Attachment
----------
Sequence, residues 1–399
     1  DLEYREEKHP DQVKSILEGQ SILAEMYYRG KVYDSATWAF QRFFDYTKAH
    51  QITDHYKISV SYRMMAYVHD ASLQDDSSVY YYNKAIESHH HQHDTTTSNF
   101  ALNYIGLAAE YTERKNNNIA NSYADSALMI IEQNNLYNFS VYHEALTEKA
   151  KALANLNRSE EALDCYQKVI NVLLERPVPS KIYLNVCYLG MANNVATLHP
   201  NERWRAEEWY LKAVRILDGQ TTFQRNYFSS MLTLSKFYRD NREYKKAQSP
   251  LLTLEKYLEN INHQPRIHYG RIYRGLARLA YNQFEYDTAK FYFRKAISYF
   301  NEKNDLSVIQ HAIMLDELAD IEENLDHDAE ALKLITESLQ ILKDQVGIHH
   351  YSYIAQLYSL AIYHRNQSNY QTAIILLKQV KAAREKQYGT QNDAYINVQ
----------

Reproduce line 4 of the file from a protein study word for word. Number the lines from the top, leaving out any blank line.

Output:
   101  ALNYIGLAAE YTERKNNNIA NSYADSALMI IEQNNLYNFS VYHEALTEKA